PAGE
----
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Lord of the Rings Physics Homework

Posted August 14, 2014 12:29 PM

From WIRED:

How Long is the Balrog's Whip? Here's the scene. Gandalf and the rest of the party are trying to escape from Moria. They cross a narrow bridge and then Gandalf makes a stand agains the Balrog. In order to prevent the Balrog from crossing, Gandalf breaks the bridge and the monster falls. But wait! At the last second, the Balrog's whip grabs a hold of Gandalf and pulls him into the chasm. Let's get data from the video to estimate the length of the Balrog's whip.

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#1

Re: Lord of the Rings Physics Homework

08/14/2014 2:45 PM

You do realize this is fiction...?

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#3
In reply to #1

Re: Lord of the Rings Physics Homework

08/14/2014 3:29 PM

An attempt to make Physics more fun. The Wired posts on the math behind the Star Wars Death star and Avengers movie arrow shot was rather interesting.

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#4
In reply to #3

Re: Lord of the Rings Physics Homework

08/14/2014 3:45 PM

"An attempt to make Physics more fun."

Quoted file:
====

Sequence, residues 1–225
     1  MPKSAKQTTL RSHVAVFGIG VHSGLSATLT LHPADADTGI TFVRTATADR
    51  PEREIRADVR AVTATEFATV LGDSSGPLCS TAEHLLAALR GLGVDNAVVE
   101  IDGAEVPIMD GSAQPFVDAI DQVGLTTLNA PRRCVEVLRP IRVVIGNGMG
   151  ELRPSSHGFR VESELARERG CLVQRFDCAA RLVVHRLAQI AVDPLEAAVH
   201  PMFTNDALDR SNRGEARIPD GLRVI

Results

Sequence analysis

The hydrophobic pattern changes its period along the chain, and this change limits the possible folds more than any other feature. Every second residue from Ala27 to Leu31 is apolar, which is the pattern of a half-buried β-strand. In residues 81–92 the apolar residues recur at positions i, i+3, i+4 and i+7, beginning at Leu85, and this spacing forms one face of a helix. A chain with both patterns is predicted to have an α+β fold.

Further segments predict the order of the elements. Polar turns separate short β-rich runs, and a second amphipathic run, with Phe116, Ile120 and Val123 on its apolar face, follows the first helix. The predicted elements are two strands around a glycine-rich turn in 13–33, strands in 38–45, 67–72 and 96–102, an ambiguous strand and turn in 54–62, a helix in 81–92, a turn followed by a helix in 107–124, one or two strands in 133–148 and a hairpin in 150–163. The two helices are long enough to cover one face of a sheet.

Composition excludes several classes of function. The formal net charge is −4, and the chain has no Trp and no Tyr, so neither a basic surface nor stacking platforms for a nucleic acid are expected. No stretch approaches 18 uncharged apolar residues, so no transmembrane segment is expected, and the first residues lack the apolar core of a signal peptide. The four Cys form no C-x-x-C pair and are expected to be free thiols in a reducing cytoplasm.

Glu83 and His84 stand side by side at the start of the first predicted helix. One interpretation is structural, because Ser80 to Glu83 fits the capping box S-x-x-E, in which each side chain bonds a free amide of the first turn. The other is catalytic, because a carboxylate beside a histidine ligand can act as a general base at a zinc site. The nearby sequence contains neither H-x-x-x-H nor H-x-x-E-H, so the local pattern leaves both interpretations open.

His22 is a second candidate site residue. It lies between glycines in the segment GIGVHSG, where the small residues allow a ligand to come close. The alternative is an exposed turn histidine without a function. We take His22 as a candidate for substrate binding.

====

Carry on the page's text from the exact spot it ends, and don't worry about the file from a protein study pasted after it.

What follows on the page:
Make physics more fun? But it's supposed to be a dry and humourless pursuit, full of those silly rule sticks with that slidey thing and pipe smoking men in rumpled short-sleeve shirts and ties with pocket protectors jammed full of things...

Oh, wait... what room is this? I'm looking for Worn Stereotypes, room CR3.

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#7
In reply to #3

Re: Lord of the Rings Physics Homework

08/14/2014 6:27 PM

Physics already is more fun!

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#2

Re: Lord of the Rings Physics Homework

08/14/2014 3:26 PM

Like many anonymous posters asking homework questions here on CR4.....

"YOU SHALL NOT PASS !!!!!"

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#5

Re: Lord of the Rings Physics Homework

08/14/2014 4:41 PM

I think his reasoning is flawed. As I recall, at least part of the plunge into the depths was shown in slow motion. So his 13.8 seconds is too long. If it was shot at a nominal 60 fps and played back at a typical 24 fps, his time could be too long by a factor of up to 60/24 = 2.5; so the duration of the fall for the whip to entangle Gandalf could have been as brief as 5.52 seconds.